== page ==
Saturday, 6 December 2008

Reading Neusner (or at least wanting to)

Kevin Edgecomb of Biblicalia , in response to my claim to want to read everything by Neusner, has kindly shared some of his wisdom on how best to approach this prolific scholar. I thought the information would be of general interest so I'm posting them here, along with my response (in which, as always, I manage to work in a reference to Childs).


I'd recommend starting with his Introduction to Rabbinic Literature, which is part of the Anchor Bible Reference Library (or, now, the Anchor Yale Bible Reference Library). But I would also have to recommend the book I've been going through, The Theology of the Oral Torah: Revealing the Justice of God. I think it would be a very helpful thing to read in order to experience a kind of selective immersion into the literature guided by someone so very familiar with it. For information on structure, dates, and so on of the Rabbinic literature, you simply have to have Guenter Stemberger's Introduction to the Talmud and Midrash (the English translation by Markus Bockmuehl is slightly updated since Stemberger's last German edition, as I recall).

Christian scholars simply don't get the in-depth exposure to the Rabbinic literature that they should have. Just look at the various ways so many (ab)use the word midrash as an example. Christian interaction with the Rabbinic literature, the documents of the Oral Torah, seems always to have been according to a Christian agenda, disallowing the documents to speak for themselves, often at best serving as simply a mine for interesting tidbits stripped of context, used in Christian historical or exegetical programs. The Oral Torah must be understood on its own terms, root and branch, and only then can a fruitful comparison begin to be attempted. This is a project only now in its beginnings.


you are a legend. Thank you so much! I agree with you on the issue of midrash. Brevard Childs (the hero of this blog) shared a flat with him for a while when they were both students and I think Neusner had a big impact on him, even though they were to later challenge each other on the significance of "canon." Childs has often critiqued the way that midrash has been indiscriminately used in Old Testament studies (esp. in his articles "Midrash in the OT" and "Retrospective reading of OT prophets").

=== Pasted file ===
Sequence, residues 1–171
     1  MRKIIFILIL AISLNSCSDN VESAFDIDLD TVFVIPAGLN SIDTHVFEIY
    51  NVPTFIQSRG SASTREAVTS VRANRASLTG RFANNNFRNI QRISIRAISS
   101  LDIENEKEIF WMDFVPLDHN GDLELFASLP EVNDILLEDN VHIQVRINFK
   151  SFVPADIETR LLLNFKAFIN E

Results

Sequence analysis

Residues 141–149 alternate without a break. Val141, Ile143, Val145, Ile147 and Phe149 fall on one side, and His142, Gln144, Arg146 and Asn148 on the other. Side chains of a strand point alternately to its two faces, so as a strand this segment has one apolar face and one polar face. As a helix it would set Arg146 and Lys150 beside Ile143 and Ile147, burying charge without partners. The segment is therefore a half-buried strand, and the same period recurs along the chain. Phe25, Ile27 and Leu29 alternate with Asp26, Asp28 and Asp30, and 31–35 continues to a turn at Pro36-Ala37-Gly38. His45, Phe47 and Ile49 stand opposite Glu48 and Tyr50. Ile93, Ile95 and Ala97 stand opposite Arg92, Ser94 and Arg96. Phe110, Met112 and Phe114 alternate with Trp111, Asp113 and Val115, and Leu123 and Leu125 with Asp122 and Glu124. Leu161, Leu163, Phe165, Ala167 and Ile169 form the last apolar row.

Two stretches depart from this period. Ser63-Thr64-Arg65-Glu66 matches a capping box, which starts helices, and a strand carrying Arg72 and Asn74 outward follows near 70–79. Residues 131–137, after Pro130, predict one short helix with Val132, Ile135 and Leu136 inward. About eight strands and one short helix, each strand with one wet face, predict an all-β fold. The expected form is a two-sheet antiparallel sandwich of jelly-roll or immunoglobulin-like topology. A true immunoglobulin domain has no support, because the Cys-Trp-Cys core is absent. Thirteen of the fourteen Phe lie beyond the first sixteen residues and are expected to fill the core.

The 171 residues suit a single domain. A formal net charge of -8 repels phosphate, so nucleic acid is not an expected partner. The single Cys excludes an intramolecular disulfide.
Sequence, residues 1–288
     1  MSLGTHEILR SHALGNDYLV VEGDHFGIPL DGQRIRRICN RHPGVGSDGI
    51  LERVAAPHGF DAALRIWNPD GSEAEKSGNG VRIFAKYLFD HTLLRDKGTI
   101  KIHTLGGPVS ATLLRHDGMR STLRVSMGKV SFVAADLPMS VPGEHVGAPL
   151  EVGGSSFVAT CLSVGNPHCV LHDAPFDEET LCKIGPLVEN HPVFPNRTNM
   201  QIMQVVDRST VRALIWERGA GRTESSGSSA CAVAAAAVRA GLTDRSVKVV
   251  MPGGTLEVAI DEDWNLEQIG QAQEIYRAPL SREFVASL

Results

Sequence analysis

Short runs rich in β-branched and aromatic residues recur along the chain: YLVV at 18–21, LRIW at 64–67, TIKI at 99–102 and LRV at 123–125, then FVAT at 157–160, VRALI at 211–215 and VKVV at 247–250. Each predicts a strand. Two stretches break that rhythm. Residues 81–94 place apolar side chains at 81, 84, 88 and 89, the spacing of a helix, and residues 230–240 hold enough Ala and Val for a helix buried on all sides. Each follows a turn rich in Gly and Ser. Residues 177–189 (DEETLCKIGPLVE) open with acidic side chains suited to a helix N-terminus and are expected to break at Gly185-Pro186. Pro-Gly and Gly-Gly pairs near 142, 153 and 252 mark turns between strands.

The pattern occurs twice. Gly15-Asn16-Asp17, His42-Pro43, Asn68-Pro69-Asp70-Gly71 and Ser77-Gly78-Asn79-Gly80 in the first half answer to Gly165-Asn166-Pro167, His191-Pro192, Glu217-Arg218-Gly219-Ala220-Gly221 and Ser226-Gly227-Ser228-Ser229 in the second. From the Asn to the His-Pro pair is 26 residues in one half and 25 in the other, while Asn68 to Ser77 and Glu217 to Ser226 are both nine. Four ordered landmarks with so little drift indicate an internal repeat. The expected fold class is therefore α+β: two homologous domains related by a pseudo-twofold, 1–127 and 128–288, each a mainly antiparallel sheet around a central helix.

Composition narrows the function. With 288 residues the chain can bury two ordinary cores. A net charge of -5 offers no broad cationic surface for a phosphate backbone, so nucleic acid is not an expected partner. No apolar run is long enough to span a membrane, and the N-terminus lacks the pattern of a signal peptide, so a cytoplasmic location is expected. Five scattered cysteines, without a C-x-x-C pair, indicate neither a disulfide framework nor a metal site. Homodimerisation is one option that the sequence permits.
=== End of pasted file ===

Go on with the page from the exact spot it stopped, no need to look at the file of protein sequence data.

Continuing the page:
Jacob Neusner has contacted me and kindly given me the following advice:
If you want to know the books of mine that I most value, I would say JUDAISM: THE EVIDENCE OF THE MISHNAH, THE TRANSFORMATION OF JIUDAISM: FROM PHILOSOPHY TO RELIGION; and THEOLOGY OF THE ORAL TORAH. These cover my work in literature, history, and theology.


Tzvee Zahavy said...

You are indeed ambitious and must be commended for your goals. I do not mean to diminish your program by relating to you the following anecdote, merely to highlight that reading a book is not the same as studying it.

In 1970 candidate for NYC mayor Norman Mailer spoke at Yeshiva University. During the question and answer session, as I recall, he tried hard to impress us students by saying that he is engaged in "reading" the Talmud. He keeps it at his bedside and "reads" some every night. Needless to say, we students who pored over the Talmud six hours a day, were not impressed.

That said, please do not be deterred from your reading program, which impresses me much more than politician Mailer's did.

Have you considered reading the works selectively in order of publication? That would give you more insight into the development of Neusner's methods and their increasing sophistication and complexity as he worked his way through the canon of all the rabbinic writings.

It was the pure and persistent focus on the rabbinic canon that formed Jack's agenda. Questions from NT study or comparative religions periodically in-formed his work.

Happy learning.

Anonymous said...

I'd never heard of the man until I read this, now I am planning on ordering the books Kevin recommended on ILL.

Kevin P. Edgecomb said...

I'm not a legend, Phil, though I thank you for the compliment!

Phil Sumpter said...